Don, a high school freshman from California, emailed our team about his science fair project for his advanced biology class. He is thinking of conducting an experiment on the effect of marine phytoplankton on ozone levels. He asked our team for suggestions on how to make his experiment safe, soundly designed, and scientifically interesting. Because ozone is a toxic gas, people have to be especially careful working with it. Detlev has been talking back and forth with Don and will visit him when he goes to California for a conference this month.

November 2007 

The ozone analyzer was just loaded back on the Ron Brown, now docked in San Diego. It is waiting for the next cruise, which will start in March and take place in the southern Pacific Ocean. Ludovic is going to be on board to monitor the instrument and data.

August 2007 

Kathrin emails from the ship that things look good. No cruise goes perfectly, and she had to deal with a power outage on the second day and a lightning storm one night. But Kathrin fixed the problems, and the team should have almost three solid weeks of good-quality data from this cruise. The ship will dock in Boston Aug. 4.

July 2007 

Kathrin is tending the ozone analyzer on the GOMECC cruise, headed north from the Gulf of Mexico up the eastern seaboard. As well as keeping the instrument running, she is performing some calibration tests that test just how well the instrument is measuring.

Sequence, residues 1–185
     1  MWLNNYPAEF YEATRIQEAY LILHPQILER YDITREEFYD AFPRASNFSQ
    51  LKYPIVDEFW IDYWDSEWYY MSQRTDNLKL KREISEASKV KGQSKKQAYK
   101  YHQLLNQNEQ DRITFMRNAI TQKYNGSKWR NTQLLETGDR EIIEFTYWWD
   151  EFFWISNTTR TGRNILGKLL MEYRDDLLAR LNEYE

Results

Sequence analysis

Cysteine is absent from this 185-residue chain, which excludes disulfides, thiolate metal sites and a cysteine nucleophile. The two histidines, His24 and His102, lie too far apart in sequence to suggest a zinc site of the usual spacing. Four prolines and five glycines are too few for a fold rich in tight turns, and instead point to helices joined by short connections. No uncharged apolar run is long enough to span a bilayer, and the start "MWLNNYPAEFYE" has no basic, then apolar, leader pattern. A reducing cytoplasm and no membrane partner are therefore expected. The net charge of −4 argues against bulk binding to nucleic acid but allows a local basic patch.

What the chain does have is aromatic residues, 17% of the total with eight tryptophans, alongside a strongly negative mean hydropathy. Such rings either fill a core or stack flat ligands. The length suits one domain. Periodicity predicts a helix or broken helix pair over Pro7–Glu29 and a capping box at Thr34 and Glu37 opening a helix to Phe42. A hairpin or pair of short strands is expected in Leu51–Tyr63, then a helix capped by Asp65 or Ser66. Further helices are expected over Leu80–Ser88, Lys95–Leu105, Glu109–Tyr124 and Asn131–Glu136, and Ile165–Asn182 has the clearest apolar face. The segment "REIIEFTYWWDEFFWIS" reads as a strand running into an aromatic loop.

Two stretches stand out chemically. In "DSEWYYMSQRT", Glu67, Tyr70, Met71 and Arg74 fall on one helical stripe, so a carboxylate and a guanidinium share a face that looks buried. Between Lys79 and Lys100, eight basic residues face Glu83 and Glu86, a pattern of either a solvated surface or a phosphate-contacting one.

May 2007 

We've just scheduled our next two cruises, so that we can try out the ozone analyzer in new places. The GOMECC cruise, in July, will travel up the east coast of the United States, from Galveston, Texas on the Gulf of Mexico to Boston, Massachusetts. A few months later the GASEX cruise will take us to the southern Pacific Ocean off the coast of Chile. Time to go to sea again!

April 2007 

Our team just met with many of the other scientists who collected data during our first cruise (TexasAQ2: see our posting for August 2006). All the scientists on the ship were working on different projects about air pollution over the Gulf of Mexico, off the coast of Texas. That ship was covered with instruments! Now all the science teams are working with their data, getting the first indications of whether their hypotheses worked out as expected. Our meeting was a way for all the scientists to share their preliminary results, trade information, and see how our data might work together.

March 2007 

Running the ozone analyzer during cruises may be the most dramatic part of our project. But once the cruises are over, the important work begins: to analyze all the data we took and understand the patterns we see in it. The ozone analyzer took a measurement several times per minute--that is a lot of numbers! One important job we have is to figure out the time periods during which we have good data, and those during which we don't. For instance, at times when the wind was coming over the stern (back) of the ship, the exhaust from the ship's engines interfered with our measurements of ozone in the atmosphere. So we have to set aside all the data from when the wind was behind us. Right now we are looking at all the data, comparing it with data from other instruments that were working at the same time, and making sure that all the data we will use for our analysis are measuring the right things.